Politics: June 2002 Archives
June 26, 2002
This story should really need no explanation. Two quotes:
"I asked her when you became a police officer didn't you take an oath to protect and defend the constitutions of the United States and the state of Colorado. She said, 'I guess I did; I can't remember.'
[Judge Patterson claimed that] precedents of the Colorado Supreme Court and even the Constitution of Colorado are not applicable in Denver, because Denver is a home-rule city… [Assistant City Attorney Paul Puckett claimed that] "The Constitution has no force or effect in Denver, because this is a home rule city."
June 25, 2002
Stumbled across this post on Europe's hypocrisy re: immigrants. Some of the quotes were pretty shocking. This one, for instance:
Democracy can only function among people mutually tied by an agreed geography and identity that binds them together with their own laws and taxes?as for considering the whole world one great society, unless people are capable of being generous and inclusive within their own communities first, they are certainly not going to vote for large overseas aid budgets, debt relief and opening up trade to poor countries.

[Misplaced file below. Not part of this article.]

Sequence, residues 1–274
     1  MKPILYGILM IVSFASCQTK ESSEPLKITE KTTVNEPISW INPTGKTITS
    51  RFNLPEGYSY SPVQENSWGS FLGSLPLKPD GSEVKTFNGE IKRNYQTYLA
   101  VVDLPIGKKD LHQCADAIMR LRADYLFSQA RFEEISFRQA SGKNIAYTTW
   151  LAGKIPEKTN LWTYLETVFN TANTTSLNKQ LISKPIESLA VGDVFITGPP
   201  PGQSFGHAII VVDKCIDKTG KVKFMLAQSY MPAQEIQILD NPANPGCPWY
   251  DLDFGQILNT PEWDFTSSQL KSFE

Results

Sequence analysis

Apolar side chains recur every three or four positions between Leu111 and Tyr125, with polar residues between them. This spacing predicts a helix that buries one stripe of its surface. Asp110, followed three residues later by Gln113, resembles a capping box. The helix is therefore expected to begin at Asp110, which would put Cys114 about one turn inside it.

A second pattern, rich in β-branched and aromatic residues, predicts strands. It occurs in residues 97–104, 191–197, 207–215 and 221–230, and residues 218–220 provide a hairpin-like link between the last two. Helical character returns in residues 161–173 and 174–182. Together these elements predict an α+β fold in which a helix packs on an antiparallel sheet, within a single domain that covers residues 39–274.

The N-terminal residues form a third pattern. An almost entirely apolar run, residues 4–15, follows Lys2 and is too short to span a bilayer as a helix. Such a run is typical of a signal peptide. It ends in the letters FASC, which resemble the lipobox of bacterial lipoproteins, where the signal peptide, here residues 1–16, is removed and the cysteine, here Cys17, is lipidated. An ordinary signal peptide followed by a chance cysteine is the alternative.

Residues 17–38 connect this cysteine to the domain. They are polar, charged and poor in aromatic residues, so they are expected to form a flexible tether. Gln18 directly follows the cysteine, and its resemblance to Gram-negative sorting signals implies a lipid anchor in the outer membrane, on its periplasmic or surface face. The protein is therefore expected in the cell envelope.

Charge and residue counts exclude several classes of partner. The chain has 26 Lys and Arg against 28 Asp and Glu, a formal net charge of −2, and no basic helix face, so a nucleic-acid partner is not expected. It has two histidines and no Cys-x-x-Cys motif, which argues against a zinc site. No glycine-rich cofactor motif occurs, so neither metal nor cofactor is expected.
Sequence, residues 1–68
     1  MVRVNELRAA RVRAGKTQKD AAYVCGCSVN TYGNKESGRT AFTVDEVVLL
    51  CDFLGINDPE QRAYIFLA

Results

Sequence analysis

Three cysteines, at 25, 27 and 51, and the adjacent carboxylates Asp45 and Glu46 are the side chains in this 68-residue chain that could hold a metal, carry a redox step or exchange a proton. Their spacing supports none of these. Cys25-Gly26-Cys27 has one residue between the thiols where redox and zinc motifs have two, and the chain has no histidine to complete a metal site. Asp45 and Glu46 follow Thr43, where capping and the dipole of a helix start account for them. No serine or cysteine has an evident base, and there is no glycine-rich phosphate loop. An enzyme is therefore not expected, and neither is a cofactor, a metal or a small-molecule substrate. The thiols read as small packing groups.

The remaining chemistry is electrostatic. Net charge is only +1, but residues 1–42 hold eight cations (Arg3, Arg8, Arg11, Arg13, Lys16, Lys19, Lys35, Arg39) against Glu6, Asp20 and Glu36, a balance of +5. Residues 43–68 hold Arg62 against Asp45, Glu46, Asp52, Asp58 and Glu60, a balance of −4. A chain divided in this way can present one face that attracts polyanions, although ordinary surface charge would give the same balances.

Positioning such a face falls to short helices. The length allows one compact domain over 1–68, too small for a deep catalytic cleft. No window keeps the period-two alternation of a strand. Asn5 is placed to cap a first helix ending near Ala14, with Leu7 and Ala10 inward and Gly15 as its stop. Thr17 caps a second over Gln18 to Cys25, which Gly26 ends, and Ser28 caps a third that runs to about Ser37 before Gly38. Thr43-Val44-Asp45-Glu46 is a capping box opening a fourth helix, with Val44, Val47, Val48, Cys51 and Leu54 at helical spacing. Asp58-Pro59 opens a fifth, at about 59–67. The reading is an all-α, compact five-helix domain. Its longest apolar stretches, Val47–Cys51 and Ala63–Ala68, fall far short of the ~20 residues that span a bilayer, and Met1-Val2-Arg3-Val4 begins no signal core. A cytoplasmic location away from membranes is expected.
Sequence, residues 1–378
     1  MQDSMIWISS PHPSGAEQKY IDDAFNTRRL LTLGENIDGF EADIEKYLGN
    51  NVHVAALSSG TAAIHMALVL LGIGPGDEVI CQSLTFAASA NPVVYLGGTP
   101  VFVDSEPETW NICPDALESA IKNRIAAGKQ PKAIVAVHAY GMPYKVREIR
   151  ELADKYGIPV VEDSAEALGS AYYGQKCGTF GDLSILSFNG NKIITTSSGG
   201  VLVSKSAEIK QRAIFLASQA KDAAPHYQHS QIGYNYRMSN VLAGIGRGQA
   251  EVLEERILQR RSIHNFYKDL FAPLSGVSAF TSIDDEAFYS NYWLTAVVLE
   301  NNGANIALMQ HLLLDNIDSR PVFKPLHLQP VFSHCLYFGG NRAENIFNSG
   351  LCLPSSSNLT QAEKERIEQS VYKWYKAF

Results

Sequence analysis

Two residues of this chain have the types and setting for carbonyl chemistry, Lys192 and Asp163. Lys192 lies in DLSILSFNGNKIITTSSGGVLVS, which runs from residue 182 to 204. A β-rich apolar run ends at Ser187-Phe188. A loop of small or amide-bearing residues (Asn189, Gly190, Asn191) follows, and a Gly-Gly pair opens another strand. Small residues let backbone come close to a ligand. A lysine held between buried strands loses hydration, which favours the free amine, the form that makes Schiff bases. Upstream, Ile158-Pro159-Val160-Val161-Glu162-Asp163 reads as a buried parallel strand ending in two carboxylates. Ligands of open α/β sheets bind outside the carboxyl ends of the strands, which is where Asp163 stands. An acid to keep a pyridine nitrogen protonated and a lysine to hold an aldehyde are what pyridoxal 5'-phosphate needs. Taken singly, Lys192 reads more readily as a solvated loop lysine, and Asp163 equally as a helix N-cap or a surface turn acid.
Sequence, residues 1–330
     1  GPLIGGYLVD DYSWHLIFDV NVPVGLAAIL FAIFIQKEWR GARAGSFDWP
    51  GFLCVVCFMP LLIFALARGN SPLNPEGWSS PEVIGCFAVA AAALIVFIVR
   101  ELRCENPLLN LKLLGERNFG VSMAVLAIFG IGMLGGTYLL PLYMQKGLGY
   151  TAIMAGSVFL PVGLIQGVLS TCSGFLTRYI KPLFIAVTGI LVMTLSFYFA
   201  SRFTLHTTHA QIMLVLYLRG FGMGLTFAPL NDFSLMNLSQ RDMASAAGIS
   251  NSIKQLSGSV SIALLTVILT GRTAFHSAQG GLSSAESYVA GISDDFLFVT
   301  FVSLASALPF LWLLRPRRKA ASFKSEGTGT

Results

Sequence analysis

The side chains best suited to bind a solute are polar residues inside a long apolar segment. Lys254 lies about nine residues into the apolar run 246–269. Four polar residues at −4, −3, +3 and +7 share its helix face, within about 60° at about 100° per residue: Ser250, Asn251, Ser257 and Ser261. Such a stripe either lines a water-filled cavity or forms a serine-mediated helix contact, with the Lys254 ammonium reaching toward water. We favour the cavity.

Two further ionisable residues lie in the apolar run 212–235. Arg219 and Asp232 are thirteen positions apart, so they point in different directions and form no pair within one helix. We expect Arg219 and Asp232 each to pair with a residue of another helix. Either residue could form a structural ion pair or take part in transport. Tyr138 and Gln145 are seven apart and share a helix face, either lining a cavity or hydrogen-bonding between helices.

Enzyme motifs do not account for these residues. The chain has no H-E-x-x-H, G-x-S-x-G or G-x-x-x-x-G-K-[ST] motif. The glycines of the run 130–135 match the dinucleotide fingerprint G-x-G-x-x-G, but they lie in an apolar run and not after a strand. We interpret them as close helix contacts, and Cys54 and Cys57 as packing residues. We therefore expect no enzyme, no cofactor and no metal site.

June 21, 2002
Stephen Den Beste has some interesting posts on the only way(s) the Israeli/Palestinian conflict can really fall out, and on the political reasons for that. All of the possible end results are pretty bad, but then I think that's been obvious since roughly 1948 or so. I think he has some pretty cogent summaries of motivations and consequences.
In a related note, Instapundit has a link to a NYTimes article about Palestine becoming, in his words, a "psychotic death cult".
June 6, 2002
Why is Europe still so hung up on appeasement? How is it possible that they missed the lessons Hitler taught about appeasing an enemy? Does it have anything to do with their historic desire for consensus?
These questions brought to you by an interview with an Israeli woman I saw on Andrew Sullivan's page.
Looked at one way, I suppose it does make some sense that countries with large populations of vocal Muslims would rather try to appease the Palestinians -- at the relatively cheap cost (to them, of course) of Israeli lives than they would risk angering people already in their country. Looked at another way, what precisely would the French, for instance, do if the Palestinians did manage to get everything they wanted through terrorist tactics? Is that really a lesson they want to teach anyone? I think this is just a weakness of democracies, unfortunately -- elected politicians do better solving immediate problems (calming rioting subcultures) than they do avoiding long-term, nebulous future problems (what happens when terrorism is really validated as an effective "negotiation" strategy). Aside from just "wanting to do the best job they can" they really don't even have any incentive to try to avoid those future problems.